Tuesday, January 8, 2019

How many Quakers does it take?

Actually, this is not a joke about changing a light bulb. (If it were, I imagine the answer would have to do with how hard it is to come to consensus on weighty issues.)
Rather, this is a story about how many different yearly meetings contributed to the beginnings of the Bolivian Friends Church (INELA).
In previous blogs we’ve seen how a Native American who was converted and discipled under California Yearly Meeting gave his life as a missionary to Bolivia after a few months preaching on the streets of La Paz. We’ve seen how this man, William Abel, partnered with Quaker missionaries from yearly meetings in Kansas (Florence Smith) and Indiana (Emma Morrow and Mattie Blount) in 1919, a year of beginnings.
Our attention now turns to a young Bolivia mestizo, Juan Ayllón, who was drawn to the witness of these early Quaker missionaries and became a convinced Friend, also in 1919. Ayllón was particularly attracted by William Abel, having encountered him one evening praying publicly in a street meeting. Ayllón found himself moved by the power and sincerity of Abel’s prayer, and he determined to get to know him. Ayllón joined Abel and the others in their street ministry, attended Abel in his bout with small pox, and helped bury him in the public cemetery in La Paz. It had been a brief but highly impactful relationship. At that point Juan Ayllón seemed to take on the mantle of William Abel, including Abel’s convictions about adequate preparation for Christian service.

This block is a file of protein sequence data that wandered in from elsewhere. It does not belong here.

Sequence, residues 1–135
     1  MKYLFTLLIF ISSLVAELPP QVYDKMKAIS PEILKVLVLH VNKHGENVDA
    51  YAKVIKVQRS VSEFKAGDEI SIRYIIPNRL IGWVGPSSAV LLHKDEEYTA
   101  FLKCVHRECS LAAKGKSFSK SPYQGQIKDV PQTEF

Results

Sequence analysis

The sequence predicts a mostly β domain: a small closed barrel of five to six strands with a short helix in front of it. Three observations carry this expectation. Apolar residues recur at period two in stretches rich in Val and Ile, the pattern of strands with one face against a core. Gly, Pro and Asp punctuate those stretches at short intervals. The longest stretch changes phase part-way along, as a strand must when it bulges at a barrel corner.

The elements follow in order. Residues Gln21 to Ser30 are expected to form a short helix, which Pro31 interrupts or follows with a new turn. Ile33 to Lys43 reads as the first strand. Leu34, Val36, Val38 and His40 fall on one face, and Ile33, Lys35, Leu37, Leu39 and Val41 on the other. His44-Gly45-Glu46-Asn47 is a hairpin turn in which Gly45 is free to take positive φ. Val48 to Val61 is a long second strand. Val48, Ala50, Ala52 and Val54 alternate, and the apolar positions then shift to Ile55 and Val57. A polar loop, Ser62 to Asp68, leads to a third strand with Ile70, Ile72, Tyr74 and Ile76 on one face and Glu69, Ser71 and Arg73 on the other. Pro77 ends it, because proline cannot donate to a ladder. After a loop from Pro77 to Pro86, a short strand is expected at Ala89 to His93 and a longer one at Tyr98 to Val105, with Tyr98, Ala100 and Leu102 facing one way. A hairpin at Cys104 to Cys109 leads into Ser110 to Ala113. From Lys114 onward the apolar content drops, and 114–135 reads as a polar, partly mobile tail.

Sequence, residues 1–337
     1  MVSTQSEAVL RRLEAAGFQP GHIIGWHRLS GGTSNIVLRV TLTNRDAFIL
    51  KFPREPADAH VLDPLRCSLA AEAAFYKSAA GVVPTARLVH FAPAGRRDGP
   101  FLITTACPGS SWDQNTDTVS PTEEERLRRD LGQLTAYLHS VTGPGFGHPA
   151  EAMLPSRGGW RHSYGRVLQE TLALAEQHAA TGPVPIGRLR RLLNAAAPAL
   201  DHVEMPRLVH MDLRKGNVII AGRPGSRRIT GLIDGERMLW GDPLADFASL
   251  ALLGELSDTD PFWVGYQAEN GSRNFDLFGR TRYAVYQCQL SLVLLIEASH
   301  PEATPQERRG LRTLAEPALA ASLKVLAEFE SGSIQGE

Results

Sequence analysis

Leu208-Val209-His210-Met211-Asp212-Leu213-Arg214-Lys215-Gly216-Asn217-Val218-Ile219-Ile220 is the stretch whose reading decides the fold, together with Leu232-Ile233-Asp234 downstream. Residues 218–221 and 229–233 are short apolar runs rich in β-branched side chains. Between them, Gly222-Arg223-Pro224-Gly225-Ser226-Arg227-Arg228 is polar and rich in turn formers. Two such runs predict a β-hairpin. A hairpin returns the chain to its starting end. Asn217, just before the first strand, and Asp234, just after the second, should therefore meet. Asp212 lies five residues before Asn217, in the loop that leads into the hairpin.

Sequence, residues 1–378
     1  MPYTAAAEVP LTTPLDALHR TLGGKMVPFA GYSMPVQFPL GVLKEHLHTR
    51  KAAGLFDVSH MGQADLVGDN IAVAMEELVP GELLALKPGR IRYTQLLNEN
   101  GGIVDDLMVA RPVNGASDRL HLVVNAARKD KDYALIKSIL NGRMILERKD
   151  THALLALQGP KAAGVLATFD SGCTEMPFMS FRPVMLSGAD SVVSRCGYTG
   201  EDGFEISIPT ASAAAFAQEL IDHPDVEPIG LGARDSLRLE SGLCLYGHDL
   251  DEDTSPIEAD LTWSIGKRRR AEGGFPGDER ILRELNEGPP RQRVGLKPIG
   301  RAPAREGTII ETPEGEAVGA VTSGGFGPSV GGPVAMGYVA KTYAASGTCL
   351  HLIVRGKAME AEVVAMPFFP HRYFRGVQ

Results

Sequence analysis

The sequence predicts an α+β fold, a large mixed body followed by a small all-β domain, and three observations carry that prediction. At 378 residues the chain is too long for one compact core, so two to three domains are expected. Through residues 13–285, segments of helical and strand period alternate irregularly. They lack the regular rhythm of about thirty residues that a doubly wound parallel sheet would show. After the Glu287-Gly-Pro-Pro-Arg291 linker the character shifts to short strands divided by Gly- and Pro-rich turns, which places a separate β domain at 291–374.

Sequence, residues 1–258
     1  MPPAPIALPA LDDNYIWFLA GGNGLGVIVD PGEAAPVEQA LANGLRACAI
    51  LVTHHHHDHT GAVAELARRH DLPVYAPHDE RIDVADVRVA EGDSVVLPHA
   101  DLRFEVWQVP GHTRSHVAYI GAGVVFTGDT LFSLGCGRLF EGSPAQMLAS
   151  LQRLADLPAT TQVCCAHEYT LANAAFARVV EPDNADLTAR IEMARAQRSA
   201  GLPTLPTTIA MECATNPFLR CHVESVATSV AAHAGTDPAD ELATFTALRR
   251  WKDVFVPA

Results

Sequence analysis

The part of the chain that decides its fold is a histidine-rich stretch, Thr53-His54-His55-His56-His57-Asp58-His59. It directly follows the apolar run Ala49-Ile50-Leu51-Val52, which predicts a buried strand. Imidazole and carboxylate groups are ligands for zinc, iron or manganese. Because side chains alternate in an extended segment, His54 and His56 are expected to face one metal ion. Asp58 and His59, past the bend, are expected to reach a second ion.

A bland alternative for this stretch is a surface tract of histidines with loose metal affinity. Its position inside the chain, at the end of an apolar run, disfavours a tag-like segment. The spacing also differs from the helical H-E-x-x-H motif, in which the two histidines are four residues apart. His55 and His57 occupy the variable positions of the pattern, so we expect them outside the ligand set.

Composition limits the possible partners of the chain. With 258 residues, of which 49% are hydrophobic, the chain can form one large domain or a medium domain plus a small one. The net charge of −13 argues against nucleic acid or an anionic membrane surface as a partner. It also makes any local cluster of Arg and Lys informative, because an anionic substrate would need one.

Through Emma Morrow’s contacts with the fledgling mission work in Central America, Juan Ayllón received an invitation to study in the new “Berea Training School for Christian Workers” in Guatemala. Missionary to Guatemala, R. Esther Smith (California Yearly Meeting) was especially interested in this young Bolivian and offered him a full scholarship in the new training school. So, in the fall of 1920, Juan Ayllón began a four-month journey (via trains, boats, and a donkey) from La Paz, Bolivia to Chiquimula, Guatemala.
The journey itself was a series of misadventures (which you can read about when the book is published). Juan earned his passage through manual labor. Legal problems prevented his disembarking in Central America, and he ended up in New York City, knowing no one and speaking little English.
Arriving on February 14, the ship’s captain let Ayllón occupy his room on board for five days while the ship reloaded. After that time, on a Sunday morning, Ayllón gathered his belongings to leave at a police station in New York City while he attempted to arrange for his passage to Guatemala. A policeman at the station, upon learning that Ayllón was a Quaker, “just happened” to know of a Friends meeting house nearby and gave him directions.